Waving light lattice: Another reformist fail

PSI Blog 20210621 Waving light lattice: Another reformist fail


This week’s book prize goes, once again, to George Coyne, our most prolific questioner:


“Hi Glenn,


What do you think of this explanation from Laszlo Petruska regarding the question "if light is a wave, what is waving? 


He answers: 'In the 1950’s QFT introduced another model. The fundamental electromagnetic field permeates space everywhere, not just between objects, but all the way down to the subatomic domains of matter. According to one interpretation, the fundamental electromagnetic field is the three-dimensional lattice structure of its quanta, the photons.

Electromagnetic energy/radiation propagates in this field as the up and down oscillation of the field values in a wave pattern as the photons of the field transfer the electromagnetic energy to one another in the direction of propagation.

As far as the wave-particle duality of light: the photons of the field act like particles, but the field values change like a wave. That’s it.’”


[GB: Thanks George. This is a good example of what I like to call a “reformist fail.” What are the criteria for such? Firstly, the theoretician must include some part of regressive physics or cosmogony that clearly violates at least one of “The Ten Assumptions of Science.” Secondly, it must be an honest attempt to resolve at least one of the numerous contradictions engendered by relativity. Here, Petruska is trying to resolve the wave-particle paradox by accepting Einstein’s ad hoc that light consists of photons. As I have mentioned many times, photons do not and cannot exist. According to relativity, photons are massless “particles” containing nothing and traveling perpetually through perfectly empty space containing nothing. In other words, they are purely imaginary.


In his answer to “what is waving,” Petruska cites the 3-D lattice structure idea, which has been around for some time. That is a typical reformist attempt to resolve the T-wave problem while rejecting the wave-particle paradox. Of course, waves only occur in media and T-waves (transverse waves, i.e., waves that move up and down and side to side instead of back and forth like L-waves) mostly occur in solids (and at the surface of the ocean). Light clearly occurs as a T-wave, with polarization being the evidence for that. Media having high degrees of freedom (limited or no connections between microcosms) normally have L-waves, while those media with inter-particle connections can have T-waves.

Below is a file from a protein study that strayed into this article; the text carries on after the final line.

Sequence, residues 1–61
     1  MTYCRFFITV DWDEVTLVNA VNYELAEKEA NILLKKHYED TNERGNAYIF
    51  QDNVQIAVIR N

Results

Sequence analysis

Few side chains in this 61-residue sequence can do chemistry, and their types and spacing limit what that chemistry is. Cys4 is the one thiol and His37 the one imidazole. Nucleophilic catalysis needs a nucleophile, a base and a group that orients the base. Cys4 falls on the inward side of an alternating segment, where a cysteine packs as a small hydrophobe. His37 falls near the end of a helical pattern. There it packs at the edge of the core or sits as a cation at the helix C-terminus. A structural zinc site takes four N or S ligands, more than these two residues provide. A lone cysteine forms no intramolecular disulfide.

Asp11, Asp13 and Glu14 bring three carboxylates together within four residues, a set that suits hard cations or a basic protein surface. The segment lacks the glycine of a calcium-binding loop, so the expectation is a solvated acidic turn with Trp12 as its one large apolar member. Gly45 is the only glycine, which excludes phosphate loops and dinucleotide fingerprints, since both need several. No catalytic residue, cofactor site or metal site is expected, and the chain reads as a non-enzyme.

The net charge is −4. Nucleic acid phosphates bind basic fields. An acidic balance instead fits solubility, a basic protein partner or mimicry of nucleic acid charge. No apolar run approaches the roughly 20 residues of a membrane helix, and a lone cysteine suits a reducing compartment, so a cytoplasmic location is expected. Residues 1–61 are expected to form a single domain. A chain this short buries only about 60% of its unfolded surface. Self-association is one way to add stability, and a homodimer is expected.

The particles in gases (such as the atmosphere) have much freedom and tend to be roundish, and so they exhibit L-waves; the particles in solids (such as steel) have restricted freedom, and so they exhibit T-waves. Now, aether, the medium for light, generally has been modeled after the atmosphere as a gas filled with round particles. So how could it have T-waves? Some reformists have suggested aether actually is a solid. That doesn’t make much sense because the vacuum supposedly containing the ubiquitous aether is transparent and offers little resistance to movement unlike any solid we know of. The proposed lattice structure is an attempt to give solidity to the light medium in support of the T-wave evidence. Others have tried that with aether particles taking the place of the photons in the figure. Why photons or aether particles would form a lattice like this is not explained. Petruska emphasizes the up and down movement typical of T-waves, but does not explain why his lattice also could not have back and forth movement typical of L-waves. Light has few L-waves, so that falsifies his lattice theory.


As readers know, my speculation resolves the T-wave problem by suggesting aether particles are tiny vortices.[1] Unlike photons, which supposedly travel from galaxy to eyeball, these are ubiquitous and constantly in motion similar to the nitrogen and oxygen molecules in air. But because of their odd shape, few of their interactions would be like those of ideal gases, which contain ideal spherical particles whose collisions produce longitudinal motion.]





[1] Borchardt, Glenn, 2017, Infinite Universe Theory: Berkeley, California, Progressive Science Institute, 337 p. [http://go.glennborchardt.com/IUTebook].





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